Fully Recognize and Improve Services for Women Veterans
Why is IAVA focused on Women Veterans?
Over 345,000 women have deployed since 9/11. While the number of male veterans is expected to decline in the next decades, the population of women veterans will increase. Women continue to take on new roles and responsibilities throughout the services. Yet, their service and sacrifice is often overlooked. In 2017, IAVA launched our groundbreaking campaign, #SheWhoBorneTheBattle, focused on recognizing the service of women veterans and closing gaps in care provided to them by the VA. While many other organizations waited or chose other issues, we made the bold choice to lead on an issue that was important to not just the 20% of our members that are women, but to our entire membership, the future of healthcare and America’s national security.
How are Women Veterans impacted?
Though the quality of care and services provided by the VA for all veterans needs to dramatically improve, this is particularly critical for women veterans. The number of women seeking care at the Department of Veterans Affairs has increased by 80%. While the VA has created a firm foundation of care for women veterans, it is past time that the VA, with the support of Congress, bring that foundation to scale.
Not only do women veterans encounter barriers to care and benefits, they do so in a culture that often does not accept them or fully recognize them as veterans. The time to act is now. We must improve access to care and benefits while changing the underlying culture to one inclusive of women. This glaring problem is best exemplified in the gendered and very outdated motto that greets every person, male and female, who walks into the VA: “To care for him who shall have borne the battle and for his widow, and his orphan.”
How widespread is the problem?
The number of women in both the military and veteran communities has been growing steadily since the 1970s. While more women are joining the military and are finally given unprecedented roles in combat and greater responsibilities in leadership, veteran services and benefits often lag behind.
83% of IAVA members believe it is important for IAVA to focus on the issues impacting women veterans while only 27% feel that the general public understands the contributions of women in the military.
What is IAVA doing about this issue?
IAVA is working with Legislators to ensure the health of servicemembers and veterans. Our recommendations for the 116th Congress are:
- Foster Cultural Change to Fully Recognize the Service of Women Veterans
- Improve Care and Benefits for Women Veterans
- Ensure Streamlined Care for Women between DoD and VA
- Improve Employment, Housing, and Child Care Benefits and Services
- Collect, Analyze, and Share Data on Services for Women Veterans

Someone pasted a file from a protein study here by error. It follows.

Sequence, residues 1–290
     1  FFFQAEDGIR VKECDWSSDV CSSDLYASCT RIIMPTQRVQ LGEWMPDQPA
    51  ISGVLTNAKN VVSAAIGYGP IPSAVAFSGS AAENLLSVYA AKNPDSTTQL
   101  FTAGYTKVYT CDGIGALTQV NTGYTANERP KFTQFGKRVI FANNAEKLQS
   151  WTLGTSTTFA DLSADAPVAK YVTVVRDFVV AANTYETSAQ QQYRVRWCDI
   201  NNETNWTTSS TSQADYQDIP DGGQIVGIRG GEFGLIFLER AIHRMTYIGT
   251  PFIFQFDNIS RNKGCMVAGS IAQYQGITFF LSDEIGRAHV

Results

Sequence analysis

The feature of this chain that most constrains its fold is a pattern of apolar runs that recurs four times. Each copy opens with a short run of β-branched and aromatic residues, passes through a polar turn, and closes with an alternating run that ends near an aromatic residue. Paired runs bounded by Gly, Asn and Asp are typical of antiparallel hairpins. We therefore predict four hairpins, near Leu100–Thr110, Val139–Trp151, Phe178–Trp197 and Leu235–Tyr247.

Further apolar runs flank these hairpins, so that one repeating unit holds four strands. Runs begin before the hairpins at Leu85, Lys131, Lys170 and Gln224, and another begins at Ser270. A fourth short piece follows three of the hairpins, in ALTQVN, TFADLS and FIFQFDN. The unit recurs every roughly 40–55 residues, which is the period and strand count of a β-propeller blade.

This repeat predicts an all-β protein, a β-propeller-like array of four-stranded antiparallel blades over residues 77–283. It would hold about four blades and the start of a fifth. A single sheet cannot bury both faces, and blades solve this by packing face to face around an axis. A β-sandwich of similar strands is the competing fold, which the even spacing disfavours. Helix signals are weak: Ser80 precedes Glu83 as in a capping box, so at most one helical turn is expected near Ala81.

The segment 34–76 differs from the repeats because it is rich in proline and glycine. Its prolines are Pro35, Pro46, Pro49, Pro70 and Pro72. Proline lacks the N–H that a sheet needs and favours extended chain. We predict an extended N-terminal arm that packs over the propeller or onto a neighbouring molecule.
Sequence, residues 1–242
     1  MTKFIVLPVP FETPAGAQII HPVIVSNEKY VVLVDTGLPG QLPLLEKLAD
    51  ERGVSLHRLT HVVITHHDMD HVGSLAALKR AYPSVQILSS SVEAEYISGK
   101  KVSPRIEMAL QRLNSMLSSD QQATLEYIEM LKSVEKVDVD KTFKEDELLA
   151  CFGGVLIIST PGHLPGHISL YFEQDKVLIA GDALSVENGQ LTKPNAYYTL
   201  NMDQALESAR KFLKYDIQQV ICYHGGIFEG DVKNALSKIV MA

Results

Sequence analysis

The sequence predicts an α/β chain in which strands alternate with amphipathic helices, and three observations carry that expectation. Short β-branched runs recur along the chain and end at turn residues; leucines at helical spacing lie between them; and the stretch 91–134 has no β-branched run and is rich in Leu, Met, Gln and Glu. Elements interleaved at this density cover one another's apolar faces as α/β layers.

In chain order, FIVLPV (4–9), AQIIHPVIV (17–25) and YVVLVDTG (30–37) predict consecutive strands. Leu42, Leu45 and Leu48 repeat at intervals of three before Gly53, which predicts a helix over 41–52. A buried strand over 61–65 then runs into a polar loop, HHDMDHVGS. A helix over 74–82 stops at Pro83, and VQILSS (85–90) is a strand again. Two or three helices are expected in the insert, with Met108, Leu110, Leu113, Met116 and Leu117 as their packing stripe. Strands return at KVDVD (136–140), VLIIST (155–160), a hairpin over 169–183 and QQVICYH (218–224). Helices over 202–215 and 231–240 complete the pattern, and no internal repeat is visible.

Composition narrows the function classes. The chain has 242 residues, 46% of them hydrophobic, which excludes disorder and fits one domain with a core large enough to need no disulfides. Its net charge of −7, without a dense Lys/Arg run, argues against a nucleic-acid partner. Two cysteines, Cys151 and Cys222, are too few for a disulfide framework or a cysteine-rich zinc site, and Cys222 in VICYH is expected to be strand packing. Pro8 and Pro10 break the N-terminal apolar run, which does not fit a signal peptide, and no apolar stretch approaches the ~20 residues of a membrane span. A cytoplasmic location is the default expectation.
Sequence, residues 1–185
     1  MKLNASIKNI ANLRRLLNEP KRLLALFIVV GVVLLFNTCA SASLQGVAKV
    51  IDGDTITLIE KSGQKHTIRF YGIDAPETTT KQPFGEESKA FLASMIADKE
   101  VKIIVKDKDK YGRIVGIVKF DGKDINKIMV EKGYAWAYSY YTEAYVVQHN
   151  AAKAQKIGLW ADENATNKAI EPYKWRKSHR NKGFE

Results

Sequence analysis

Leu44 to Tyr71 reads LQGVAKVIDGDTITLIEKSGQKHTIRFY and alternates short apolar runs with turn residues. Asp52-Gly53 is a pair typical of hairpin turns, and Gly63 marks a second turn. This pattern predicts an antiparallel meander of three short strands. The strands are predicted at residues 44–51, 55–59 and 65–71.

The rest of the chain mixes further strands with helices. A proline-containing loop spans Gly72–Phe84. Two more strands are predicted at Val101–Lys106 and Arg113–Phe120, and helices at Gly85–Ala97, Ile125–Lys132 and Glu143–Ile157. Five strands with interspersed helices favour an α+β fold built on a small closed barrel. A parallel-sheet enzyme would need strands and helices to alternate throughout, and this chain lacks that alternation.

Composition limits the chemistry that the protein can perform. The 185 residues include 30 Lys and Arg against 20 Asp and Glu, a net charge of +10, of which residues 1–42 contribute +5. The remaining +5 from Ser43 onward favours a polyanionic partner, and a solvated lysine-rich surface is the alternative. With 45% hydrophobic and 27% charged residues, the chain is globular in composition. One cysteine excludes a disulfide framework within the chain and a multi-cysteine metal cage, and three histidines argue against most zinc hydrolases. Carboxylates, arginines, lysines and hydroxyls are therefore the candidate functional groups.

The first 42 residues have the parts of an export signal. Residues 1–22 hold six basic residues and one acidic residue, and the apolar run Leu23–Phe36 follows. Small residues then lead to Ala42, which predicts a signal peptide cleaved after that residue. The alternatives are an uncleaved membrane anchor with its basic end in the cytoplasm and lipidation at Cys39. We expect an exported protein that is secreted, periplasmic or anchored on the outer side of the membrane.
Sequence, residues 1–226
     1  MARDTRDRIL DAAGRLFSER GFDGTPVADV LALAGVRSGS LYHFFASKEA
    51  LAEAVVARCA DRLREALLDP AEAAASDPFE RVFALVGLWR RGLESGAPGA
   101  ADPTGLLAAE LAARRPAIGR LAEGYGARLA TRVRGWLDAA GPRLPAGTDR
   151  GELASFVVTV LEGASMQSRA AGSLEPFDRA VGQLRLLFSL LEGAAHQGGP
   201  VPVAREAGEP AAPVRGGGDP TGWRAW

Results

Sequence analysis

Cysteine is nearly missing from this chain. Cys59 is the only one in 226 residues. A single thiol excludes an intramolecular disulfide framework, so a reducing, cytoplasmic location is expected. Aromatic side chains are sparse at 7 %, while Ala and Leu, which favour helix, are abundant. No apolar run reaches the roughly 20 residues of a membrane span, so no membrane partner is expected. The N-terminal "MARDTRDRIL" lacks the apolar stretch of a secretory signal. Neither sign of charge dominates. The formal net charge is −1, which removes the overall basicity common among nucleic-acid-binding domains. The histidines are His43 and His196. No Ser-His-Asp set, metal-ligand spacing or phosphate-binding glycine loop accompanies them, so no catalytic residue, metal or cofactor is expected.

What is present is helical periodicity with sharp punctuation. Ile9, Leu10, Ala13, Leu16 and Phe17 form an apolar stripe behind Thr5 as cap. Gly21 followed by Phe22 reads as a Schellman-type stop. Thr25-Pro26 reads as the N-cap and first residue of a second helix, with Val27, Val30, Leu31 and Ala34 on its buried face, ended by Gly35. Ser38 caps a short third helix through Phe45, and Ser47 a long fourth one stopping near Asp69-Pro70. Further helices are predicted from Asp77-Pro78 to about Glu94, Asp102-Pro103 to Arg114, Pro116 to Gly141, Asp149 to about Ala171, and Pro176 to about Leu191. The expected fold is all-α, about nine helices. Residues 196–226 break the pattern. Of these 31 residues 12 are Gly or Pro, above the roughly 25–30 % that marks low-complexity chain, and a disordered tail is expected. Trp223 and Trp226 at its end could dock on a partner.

Most Importantly, We're Winning
How is IAVA making progress toward these goals?
- December 20, 2019: Servicewomen’s Health Transition Training Act of 2019 passed into law
- November 13, 2019: IAVA-led Landmark Legislation to Recognize Service of Women Veterans Passes House
- July 23, 2019: Helping Expand and Launch Transitional Health (HEALTH) for Women Veterans Act passed by the House
IAVA's Big 6
As a direct result of our Annual Membership Survey, IAVA has focused on the six biggest issues facing veterans today. Learn more about our other issues.
Support Our Efforts
We can’t do this without your help. Tell your representatives how important it is to recognize the service of women veterans and close gaps in care provided to them by the VA.
More about recognizing and improving services for Women Veterans
While the past few years have been encouraging in the display of growing interest in ensuring health care accessibility for women veterans at VA, increasing support for women veterans, and expanding services, there is still much work to do. Women still report being stigmatized or feeling unwelcome at VA, and the Departmental motto itself is gender-exclusive. As a nation we must recognize GI Jane as much as GI Joe; it’s past time that the military culture and our nation embrace this, and recognize, celebrate, and support the service of all veterans that serve this nation.
We need to take the American people to a place where women vets are envisioned just as readily as men. Congress must act to not only bring equality to VA health care for women, but also resource-sensible services like childcare. “Access to Quality Care for Our Veterans” should be gender blind, which in the case of supporting single parents, can impact men just as much as women.
Beth Riesgraf, star of Paramount Network’s hit series 68 Whiskey, partnered with IAVA to shine a light on the unique issues women face during active duty service and when they transition back to civilian life. The goal of the film is to build meaningful support for The Deborah Sampson Act. Watch her film HERE.